The Seventh Circuit Court of Appeals issued an opinion in the case of Molson Coors Beverage Co. (“Molson Coors”) v. Anheuser-Busch Companies, LLC (“Anheuser-Busch”) which was originally filed in United District Court for the Western District of Wisconsin.

The basic issue is whether “the true statement ‘their [Molson Coors] beer is made using corn syrup and ours [Anheuser-Busch] isn’t’ wrongly implies that ‘their beer contains corn syrup.’” While the ingredient lists for both Miller Lite and Coors Light include “Corn Syrup (Dextrose),” Molson Coors argues that a list of “ingredients” is different from what is contained in the finished product. To support its argument, Molson Coors relies on the fact alcohol is omitted from the ingredients list, but is included in the final product. Continue reading

The U.S. Court of Appeals for the Seventh Circuit affirmed the district court’s ruling that Flexible Steel Lacing Co.’s (“Flexco”) trade dress is invalid because it is functional.

Flexco originally filed suit in the Northern District of Illinois, Eastern Division for trade dress infringement and unfair competition against Conveyor Accessories, Inc. (“CAI”). CAI counterclaimed seeking cancellation of Flexco’s trademarks and seeking declaratory judgment of invalidity, unenforceability, and noninfringement. The district court granted summary judgment in favor of CAI, finding that Flexco’s trade dress was functional because the product’s utilitarian advantages were disclosed in an expired utility patent, internal corporate documents, and advertising materials.

This case was before Chief Judge, Diane Wood, Judge Joel Flaum and Judge Kenneth Ripple assigned Appeal No. 19-2035 and was decided April 7, 2020.

U.S. Supreme Court–Frederick Allen (“Allen”) was hired as a videographer to document the recovery of the Queen Anne’s Revenge shipwreck off the North Carolina coast. Allen worked to document the recovery for over a decade and registered copyrights for his works. When North Carolina published some of Allen’s work online, Allen sued for copyright infringement. North Carolina moved to dismiss the lawsuit on the ground of state sovereign immunity; while Allen argued the Copyright Remedy Clarification Act of 1990 (“CRCA”) removed the States’ sovereign immunity.

The District Court agreed with Allen while the Fourth Circuit Court of Appeals reversed the decision. The U.S. Supreme Court ruled 9-0 in favor of North Carolina on March 23, 2020.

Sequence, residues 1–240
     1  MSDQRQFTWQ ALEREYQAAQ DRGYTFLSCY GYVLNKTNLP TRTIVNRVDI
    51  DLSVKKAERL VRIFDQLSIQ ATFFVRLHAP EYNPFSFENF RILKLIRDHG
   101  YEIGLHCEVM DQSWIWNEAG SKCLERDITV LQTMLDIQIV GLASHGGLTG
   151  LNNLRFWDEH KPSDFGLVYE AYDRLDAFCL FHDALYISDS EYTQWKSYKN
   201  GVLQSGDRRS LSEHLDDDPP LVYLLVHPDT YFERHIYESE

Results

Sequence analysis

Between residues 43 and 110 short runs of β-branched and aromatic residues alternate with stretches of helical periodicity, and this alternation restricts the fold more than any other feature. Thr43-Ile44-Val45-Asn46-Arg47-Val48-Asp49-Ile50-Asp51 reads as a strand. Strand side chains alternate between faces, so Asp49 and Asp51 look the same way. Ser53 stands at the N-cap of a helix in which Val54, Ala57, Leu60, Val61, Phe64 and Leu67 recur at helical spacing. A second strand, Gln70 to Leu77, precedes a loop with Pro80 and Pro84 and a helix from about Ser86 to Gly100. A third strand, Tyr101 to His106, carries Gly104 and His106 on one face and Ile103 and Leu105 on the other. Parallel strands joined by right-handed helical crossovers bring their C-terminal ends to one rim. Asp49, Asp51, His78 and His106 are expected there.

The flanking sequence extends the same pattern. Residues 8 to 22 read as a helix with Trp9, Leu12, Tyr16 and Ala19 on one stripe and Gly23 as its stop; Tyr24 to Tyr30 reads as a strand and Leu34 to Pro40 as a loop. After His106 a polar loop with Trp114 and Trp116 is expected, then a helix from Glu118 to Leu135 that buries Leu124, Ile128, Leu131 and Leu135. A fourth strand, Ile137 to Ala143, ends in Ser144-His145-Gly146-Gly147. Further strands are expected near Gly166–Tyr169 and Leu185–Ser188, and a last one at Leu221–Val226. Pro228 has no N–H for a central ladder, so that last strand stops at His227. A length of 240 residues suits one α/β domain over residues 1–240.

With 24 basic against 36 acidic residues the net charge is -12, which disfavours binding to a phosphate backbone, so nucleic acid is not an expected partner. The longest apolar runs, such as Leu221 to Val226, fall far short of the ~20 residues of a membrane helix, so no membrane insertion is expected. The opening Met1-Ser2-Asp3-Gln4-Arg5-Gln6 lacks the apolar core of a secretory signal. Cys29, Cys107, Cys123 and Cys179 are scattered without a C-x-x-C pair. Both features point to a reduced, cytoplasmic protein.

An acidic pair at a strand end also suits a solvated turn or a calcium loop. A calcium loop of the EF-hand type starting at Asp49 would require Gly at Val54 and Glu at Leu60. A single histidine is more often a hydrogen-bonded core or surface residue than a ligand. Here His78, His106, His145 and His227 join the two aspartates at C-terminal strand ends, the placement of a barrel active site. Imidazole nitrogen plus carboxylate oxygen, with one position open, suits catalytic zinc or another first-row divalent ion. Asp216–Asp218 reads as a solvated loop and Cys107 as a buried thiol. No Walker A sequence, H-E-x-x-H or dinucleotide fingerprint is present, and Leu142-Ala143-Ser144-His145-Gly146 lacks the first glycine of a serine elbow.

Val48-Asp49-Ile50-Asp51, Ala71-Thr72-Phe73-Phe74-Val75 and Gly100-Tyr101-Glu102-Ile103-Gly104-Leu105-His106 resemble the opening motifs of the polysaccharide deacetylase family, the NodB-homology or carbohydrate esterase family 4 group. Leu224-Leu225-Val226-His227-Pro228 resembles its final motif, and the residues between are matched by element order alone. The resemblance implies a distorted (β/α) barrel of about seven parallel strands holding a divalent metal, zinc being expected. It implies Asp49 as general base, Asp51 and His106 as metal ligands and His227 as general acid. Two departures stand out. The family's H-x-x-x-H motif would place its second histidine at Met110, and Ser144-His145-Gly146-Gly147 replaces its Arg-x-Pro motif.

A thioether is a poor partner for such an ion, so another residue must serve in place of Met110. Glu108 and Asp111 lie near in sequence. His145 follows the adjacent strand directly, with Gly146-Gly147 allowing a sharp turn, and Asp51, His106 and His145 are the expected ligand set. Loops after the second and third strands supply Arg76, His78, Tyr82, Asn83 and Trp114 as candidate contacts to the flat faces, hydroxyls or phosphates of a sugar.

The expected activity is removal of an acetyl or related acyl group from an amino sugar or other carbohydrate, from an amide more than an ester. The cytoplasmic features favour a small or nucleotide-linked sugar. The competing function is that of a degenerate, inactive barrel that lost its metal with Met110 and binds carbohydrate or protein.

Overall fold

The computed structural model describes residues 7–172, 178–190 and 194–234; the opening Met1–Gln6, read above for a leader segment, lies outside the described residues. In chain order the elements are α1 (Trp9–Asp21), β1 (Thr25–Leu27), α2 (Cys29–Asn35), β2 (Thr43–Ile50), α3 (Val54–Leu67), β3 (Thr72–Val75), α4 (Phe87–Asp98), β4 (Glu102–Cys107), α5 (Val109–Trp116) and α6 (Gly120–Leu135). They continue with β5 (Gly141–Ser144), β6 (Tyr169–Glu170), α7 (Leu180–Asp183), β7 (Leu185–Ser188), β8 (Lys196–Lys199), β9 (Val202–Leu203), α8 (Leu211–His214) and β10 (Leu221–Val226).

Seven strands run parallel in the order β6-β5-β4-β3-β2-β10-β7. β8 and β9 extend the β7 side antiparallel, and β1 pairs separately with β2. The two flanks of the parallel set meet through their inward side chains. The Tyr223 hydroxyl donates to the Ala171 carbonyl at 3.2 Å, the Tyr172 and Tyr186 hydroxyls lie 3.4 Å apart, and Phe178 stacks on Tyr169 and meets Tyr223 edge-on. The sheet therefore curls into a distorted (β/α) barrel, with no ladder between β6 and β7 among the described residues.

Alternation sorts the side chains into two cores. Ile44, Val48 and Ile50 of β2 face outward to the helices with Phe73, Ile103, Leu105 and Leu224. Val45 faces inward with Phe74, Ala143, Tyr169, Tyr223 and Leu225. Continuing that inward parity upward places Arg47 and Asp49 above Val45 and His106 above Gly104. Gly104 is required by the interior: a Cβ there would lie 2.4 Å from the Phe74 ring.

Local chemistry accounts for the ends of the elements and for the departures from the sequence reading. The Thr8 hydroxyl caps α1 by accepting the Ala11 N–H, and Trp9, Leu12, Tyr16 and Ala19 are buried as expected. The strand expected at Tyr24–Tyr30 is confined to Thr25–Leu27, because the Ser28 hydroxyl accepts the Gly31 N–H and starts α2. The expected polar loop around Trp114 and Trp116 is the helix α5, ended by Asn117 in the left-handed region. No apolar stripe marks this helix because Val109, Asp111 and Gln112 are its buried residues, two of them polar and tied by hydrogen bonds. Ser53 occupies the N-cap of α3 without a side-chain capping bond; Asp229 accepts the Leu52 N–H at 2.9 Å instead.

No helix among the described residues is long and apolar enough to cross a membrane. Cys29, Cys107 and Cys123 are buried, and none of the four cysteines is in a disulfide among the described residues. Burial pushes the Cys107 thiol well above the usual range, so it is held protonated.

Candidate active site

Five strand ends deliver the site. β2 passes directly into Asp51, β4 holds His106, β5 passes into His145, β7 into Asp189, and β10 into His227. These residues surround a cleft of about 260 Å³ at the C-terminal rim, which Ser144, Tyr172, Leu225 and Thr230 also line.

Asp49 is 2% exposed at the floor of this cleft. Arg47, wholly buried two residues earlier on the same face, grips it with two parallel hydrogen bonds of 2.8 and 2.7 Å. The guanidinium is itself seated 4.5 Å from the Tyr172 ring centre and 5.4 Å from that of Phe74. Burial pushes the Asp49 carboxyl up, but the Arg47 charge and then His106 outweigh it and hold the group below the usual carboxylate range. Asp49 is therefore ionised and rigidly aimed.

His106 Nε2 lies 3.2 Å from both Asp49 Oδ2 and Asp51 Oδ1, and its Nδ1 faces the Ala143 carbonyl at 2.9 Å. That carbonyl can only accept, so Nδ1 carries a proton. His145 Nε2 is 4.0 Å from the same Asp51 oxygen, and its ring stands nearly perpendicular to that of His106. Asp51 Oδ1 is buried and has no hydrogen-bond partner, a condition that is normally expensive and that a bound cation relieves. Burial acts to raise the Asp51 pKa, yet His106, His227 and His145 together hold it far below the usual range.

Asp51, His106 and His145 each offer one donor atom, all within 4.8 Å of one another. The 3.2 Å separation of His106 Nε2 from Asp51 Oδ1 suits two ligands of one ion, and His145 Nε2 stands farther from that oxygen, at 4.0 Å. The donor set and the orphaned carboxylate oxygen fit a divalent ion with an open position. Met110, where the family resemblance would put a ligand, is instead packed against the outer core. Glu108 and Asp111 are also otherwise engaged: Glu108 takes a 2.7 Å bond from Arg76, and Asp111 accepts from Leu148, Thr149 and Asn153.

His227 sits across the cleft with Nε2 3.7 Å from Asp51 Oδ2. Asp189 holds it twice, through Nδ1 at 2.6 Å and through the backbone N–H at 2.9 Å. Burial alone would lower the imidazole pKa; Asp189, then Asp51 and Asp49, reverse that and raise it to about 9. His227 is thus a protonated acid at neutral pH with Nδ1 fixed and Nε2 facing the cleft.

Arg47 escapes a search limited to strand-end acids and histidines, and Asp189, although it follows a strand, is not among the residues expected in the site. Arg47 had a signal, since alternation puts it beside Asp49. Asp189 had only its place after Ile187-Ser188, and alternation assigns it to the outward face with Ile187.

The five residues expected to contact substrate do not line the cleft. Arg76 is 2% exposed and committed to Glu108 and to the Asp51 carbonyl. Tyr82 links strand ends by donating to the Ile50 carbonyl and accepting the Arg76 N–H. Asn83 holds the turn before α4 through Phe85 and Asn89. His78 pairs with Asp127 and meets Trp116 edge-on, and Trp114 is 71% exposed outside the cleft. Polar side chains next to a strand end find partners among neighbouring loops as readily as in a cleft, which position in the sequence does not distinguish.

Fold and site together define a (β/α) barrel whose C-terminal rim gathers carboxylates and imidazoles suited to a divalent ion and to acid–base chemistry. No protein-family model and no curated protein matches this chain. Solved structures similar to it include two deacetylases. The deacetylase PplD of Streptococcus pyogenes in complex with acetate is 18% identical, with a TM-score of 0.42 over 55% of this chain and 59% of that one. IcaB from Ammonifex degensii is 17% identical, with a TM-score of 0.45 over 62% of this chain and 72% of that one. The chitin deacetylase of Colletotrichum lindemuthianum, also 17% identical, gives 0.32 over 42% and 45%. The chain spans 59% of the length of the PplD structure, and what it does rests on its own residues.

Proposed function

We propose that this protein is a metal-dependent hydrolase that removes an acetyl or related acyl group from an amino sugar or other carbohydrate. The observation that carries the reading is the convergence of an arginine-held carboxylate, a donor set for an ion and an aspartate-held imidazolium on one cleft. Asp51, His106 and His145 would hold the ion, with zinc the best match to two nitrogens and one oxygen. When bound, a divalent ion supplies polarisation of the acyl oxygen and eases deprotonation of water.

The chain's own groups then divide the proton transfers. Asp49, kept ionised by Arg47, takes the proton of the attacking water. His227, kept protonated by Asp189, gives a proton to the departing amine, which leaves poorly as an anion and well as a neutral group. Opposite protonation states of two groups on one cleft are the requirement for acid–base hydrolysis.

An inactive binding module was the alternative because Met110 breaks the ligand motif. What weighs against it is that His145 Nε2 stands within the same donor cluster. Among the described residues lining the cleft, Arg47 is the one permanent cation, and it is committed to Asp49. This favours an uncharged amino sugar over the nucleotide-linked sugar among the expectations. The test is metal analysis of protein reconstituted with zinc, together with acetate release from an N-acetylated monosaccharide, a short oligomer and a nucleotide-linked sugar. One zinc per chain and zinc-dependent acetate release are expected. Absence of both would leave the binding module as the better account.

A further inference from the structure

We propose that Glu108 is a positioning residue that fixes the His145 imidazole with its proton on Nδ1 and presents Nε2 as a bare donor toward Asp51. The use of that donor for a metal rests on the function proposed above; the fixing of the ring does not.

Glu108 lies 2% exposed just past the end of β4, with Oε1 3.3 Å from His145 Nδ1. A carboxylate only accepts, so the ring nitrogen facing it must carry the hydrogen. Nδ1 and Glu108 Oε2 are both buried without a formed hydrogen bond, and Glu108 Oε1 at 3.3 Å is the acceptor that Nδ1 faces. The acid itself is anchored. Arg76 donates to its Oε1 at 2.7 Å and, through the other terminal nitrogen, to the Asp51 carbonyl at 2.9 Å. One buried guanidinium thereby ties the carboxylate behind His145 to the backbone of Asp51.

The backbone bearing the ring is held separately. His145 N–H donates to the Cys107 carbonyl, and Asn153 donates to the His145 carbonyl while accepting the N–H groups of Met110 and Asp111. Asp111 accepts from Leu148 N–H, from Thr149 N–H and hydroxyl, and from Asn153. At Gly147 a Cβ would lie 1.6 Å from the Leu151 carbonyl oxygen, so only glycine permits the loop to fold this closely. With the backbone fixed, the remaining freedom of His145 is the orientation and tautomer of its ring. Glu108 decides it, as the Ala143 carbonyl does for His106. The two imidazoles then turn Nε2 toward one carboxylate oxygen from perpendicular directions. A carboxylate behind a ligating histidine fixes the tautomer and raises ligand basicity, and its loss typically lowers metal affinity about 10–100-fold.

Sovereign immunity has recently been the basis for granting summary judgment in several recent copyright cases in the Southern District of Indiana, namely at least Richard N. Bell v. Jay L. Hess, Case No. 1:16-cv-02463-TWP-DML, (S.D. Ind. March 9, 2018) and Richard N. Bell v. Jason Henderson, Case No. 1:16-cv-02488-RLY-DML, (S.D. Ind. July 23, 2018).

Indianapolis, Indiana – Appellants, GS CleanTech Corporation and Greenshift Corporation (collectively “CleanTech”), appealed the U.S. District Court for the Southern District of Indiana’s finding that U.S. Patent Nos. 7,601,858 (the “‘858 patent”), 8,008,516 (the “‘516 patent”), 8,008,517 (the “‘517 patent”), and 8,283,484 (the “‘484 patent”) (together, the “Patents-in-Suit”) are unenforceable due to inequitable conduct. The U.S. Court of Appeals for the Federal Circuit affirmed.

Before joining CleanTech in 2006, David Cantrell founded Vortex Dehydration Technology (“VDT”). In June 2003, Mr. Cantrell sent an email to two Agri-Energy LLC (“Agri-Energy”) employees regarding how VDT’s oil recovery system may be applicable in an ethanol plant. He also included an operational cost spreadsheet and an image of the system. VDT representatives conducted tests with Agri-Energy’s ethanol syrup in early July 2003.

A proposal dated July 31, 2003 was emailed to multiple Agri-Energy employees on August 1, 2003 offering “Agri-Energy a No-Risk trial [of the] ‘Oil Recovery System.’” The proposal allowed Agri-Energy to use the unit for sixty days at which point it could purchase the system for $423,000 or return it to VDT. That proposal was not accepted, however, in early 2004 communications resumed and the system was installed in the Agri-Energy plant in May 2004.